It is important to create comfortable conditions for Far East residents and ensure that the quality of life is improving and the local economy is showing results similar to the national average thus preventing further migration out of the district.

In addition to the measures targeting the social sector, the national programme includes measures for the local economy. We discussed these at length during the meeting on the socioeconomic development of the Far East in Blagoveshchensk. The Far East has huge potential and every opportunity to become a truly developed and modern region for comfortable life and work.


Vladimir Putin: Ms Golikova, I would ask you to tell us in general about the situation with the coronavirus infection, the development and production of vaccines, incentive payments to medical workers and about the general situation in this area.

Please, you are welcome.

Deputy Prime Minister Tatyana Golikova: Mr President, Mr Prime Minister, colleagues, good afternoon.

Currently, there is steady stabilisation in the number of new cases in Russia. I can say that the country has fully formed the regulatory and methodological base to fight COVID-19.

All regions have worked out algorithms for providing assistance to patients, including the work of infectious disease hospitals and outpatient clinics in terms of both admission of patients with the coronavirus and taking into account the upcoming season of influenza and ARVI.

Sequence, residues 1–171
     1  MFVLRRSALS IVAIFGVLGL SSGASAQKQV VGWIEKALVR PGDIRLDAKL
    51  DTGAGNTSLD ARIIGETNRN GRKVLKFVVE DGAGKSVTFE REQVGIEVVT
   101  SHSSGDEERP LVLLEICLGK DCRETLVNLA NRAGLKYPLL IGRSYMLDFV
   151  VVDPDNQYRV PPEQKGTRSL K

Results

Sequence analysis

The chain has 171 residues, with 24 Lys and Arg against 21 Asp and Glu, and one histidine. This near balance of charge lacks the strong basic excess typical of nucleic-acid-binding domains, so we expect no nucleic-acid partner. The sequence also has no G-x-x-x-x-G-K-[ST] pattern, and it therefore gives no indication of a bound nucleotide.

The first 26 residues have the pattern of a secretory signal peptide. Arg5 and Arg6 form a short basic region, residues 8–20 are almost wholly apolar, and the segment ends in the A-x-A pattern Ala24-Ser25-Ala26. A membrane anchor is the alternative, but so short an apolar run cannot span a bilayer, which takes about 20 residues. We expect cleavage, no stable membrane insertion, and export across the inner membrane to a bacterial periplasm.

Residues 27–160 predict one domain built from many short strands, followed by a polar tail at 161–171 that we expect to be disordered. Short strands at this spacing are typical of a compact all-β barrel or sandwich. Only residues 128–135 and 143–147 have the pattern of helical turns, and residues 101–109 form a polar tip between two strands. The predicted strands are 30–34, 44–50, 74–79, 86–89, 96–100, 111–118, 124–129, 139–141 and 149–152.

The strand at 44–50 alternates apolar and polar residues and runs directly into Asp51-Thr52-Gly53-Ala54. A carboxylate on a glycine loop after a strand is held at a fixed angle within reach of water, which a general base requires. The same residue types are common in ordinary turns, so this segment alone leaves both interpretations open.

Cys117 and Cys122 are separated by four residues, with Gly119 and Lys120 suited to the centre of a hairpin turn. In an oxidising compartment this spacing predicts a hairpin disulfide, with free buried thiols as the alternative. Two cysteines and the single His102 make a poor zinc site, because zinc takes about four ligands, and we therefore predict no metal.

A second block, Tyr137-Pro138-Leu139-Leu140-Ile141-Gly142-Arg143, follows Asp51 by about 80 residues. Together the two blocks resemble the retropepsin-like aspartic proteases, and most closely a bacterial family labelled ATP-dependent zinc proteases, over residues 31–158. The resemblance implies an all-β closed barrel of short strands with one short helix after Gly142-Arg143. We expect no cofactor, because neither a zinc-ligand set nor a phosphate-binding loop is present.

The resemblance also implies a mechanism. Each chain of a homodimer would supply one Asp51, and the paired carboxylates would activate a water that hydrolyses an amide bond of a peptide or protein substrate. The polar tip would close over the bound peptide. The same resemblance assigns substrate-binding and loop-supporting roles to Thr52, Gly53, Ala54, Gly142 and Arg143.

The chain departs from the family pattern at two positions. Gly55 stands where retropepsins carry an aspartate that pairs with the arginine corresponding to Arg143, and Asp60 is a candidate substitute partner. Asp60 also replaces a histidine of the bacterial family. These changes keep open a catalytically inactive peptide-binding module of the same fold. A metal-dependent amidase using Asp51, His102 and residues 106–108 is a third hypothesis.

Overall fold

Since March of this year, the daily growth rate of new registered cases has decreased by 54 times. Today, the daily growth is 0.5 percent. By the third decade of August, asymptomatic forms of the disease predominate among patients with COVID-19; 3.2 percent of those infected have severe symptoms.

According to our monitoring, almost half of the beds prepared for COVID patients in the Russian regions are free.

Based on the results of laboratory studies, it was found that almost a quarter of the medical personnel providing care to patients with the COVID infection have late antibodies against the causative agent, which makes them immune to this infection in the future.

In this regard, I would like to just comment on the issue you mentioned. We have repeatedly reported to you on the situation with the development and preparations for the production of Russian vaccines. As of today, as you know, the first registered vaccine has entered the third stage of clinical trials, this is Sputnik V. The Healthcare Ministry, together with the Ministry of Industry and Trade and Roszdravnadzor, have selected three industrial sites that have the competencies for the industrial production of the vaccine.

I would also like to inform you that as of today, according to the Russian Foreign Ministry, 27 countries have expressed interest in purchasing the Russian vaccine against COVID-19. They are interested in various forms of cooperation, including joint vaccine development, clinical trials, procurement, domestic production on their territory and humanitarian aid. We have received requests from Belarus, Azerbaijan, Brazil, Venezuela, Kazakhstan and other countries. According to the information available to us, 26 countries are closely following the third stage of the Sputnik V clinical trials and waiting for the results.